Last December Science House Foundation awarded a MicroGlobalScope kit to Cambodia’s CIA FIRST International School in Phnom Penh. However, due to import restrictions, we were unable to deliver the equipment. Tony offered to deliver the microscopes to Ho Chi Minh City if we could arrange to have them picked up.

Joyce Ira Yarza a science teacher at the CIA FIRST International School, who had been patiently awaiting her MicrGlobalScope kit for the past six months agreed to make the drive to Vietnam.

Joyce sent us the below dispatch from her journey, including a special message from her students. (Thanks to Science House Foundation supporter Alex Le Fontaine for introducing us to Joyce.)

Arrival at the Everest Education building in Ho Chi Minh City.

My trip to Ho Chi Minh City took roughly 7 hours by bus and though it may sound tiring and boring, I’d say it was all worth it because Mai and Don of Everest Education were so hospitable and accommodating. I also met Hieu Le who is one of their teachers in the school. All three of them amazed me with their passion and dedication to give their students quality education which is the same vision we have at CIA FIRST. It’s truly an honor to meet and be acquainted with new people whom we can collaborate with in terms of making education, especially making science better for our students. All of us were able to discuss our plans for the project and promised to keep in touch for updates and future activities.

When I arrived back here in Cambodia, I took a chance to play with the equipment and they’re all awesome. I personally loved the MiScope because it’s handy and very easy to use. When I showed it to my students, all of them wanted to extend our science class and discover more things under it. However, since our exams are due next week, we have postponed our activity till the last week of the month, just before we go on our vacation. I also took the opportunity to teach a couple more of science teachers at school to familiarize themselves with the new microscopes. With these equipment, I am sure that science will be so much exciting for the next school year. FYI, we’re going to have a dedicated club for this project,, so we’ll keep you in touch with our activities through our blog posts.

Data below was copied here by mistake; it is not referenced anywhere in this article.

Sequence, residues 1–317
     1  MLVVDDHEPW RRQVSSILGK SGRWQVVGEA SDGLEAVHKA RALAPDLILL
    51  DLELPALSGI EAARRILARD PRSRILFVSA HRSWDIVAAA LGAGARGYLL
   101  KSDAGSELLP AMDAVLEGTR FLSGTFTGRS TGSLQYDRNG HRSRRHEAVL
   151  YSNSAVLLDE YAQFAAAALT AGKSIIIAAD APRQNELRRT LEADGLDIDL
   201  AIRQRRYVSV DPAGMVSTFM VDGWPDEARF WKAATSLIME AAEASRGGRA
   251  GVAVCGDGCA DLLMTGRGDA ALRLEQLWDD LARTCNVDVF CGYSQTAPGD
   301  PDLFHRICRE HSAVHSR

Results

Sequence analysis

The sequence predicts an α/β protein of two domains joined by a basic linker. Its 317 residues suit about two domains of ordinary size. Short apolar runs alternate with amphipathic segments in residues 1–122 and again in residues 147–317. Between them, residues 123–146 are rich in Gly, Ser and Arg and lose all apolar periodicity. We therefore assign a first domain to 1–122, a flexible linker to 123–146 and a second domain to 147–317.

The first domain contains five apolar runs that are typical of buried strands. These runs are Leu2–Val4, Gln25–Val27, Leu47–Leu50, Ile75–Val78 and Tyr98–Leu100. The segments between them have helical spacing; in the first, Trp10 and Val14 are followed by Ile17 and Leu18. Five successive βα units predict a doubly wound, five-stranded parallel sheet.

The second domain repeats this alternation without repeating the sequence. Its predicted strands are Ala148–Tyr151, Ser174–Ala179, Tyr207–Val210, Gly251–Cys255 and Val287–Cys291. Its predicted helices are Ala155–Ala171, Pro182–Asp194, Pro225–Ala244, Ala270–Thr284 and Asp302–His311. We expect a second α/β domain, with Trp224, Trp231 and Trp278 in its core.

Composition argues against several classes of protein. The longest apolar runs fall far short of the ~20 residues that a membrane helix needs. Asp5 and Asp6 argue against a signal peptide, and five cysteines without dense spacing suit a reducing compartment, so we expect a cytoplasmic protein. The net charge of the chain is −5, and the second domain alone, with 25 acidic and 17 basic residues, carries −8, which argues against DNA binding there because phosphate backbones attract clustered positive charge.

Mai Le and Don Le of Everest Education in Vietnam with their microscopes.

February 14th, 2013

MicroGlobalScope and the Davidson Institute: Collaborating on International Science Education

One of Science House Foundation’s newest collaborators in 2012 was the Davidson Institute at the Weizmann Institute in Israel. The Davidson Institute has a series of science education programs for children in the region. We wanted to bring a cross-section of the children they work with into our MicroGlobalScope network, which is presently connecting kids, teachers and scientists in 25 countries. Science House Foundation provided two MicroGlobalScope kits to the Davidson Institute to provide to two different schools in Israel, one each Arabic and Hebrew-speaking. Our partnership with the Davidson Institute, as with many of our partners on the ground in countries augments our mission of sparking the imaginations of kids worldwide about the excitement of science by creating an additional layer of consistency and stability.

Dr. Ariel Heimann of the Davidson Institute gave a speech at Science House earlier this week and shared with us a report by Drs. Yossi Elran and Carmel Bar about how the past year went for them. We are pleased to share this with you. It provides an honest and accurate take on the first, year, including one of the challenges we face periodically, which is that technology sent halfway around the world can fail. In this case, the Celestron Microscope we purchased failed. Since it is an international shipment we have to purchase a new one. The challenges of running an international NGO is not without challenges.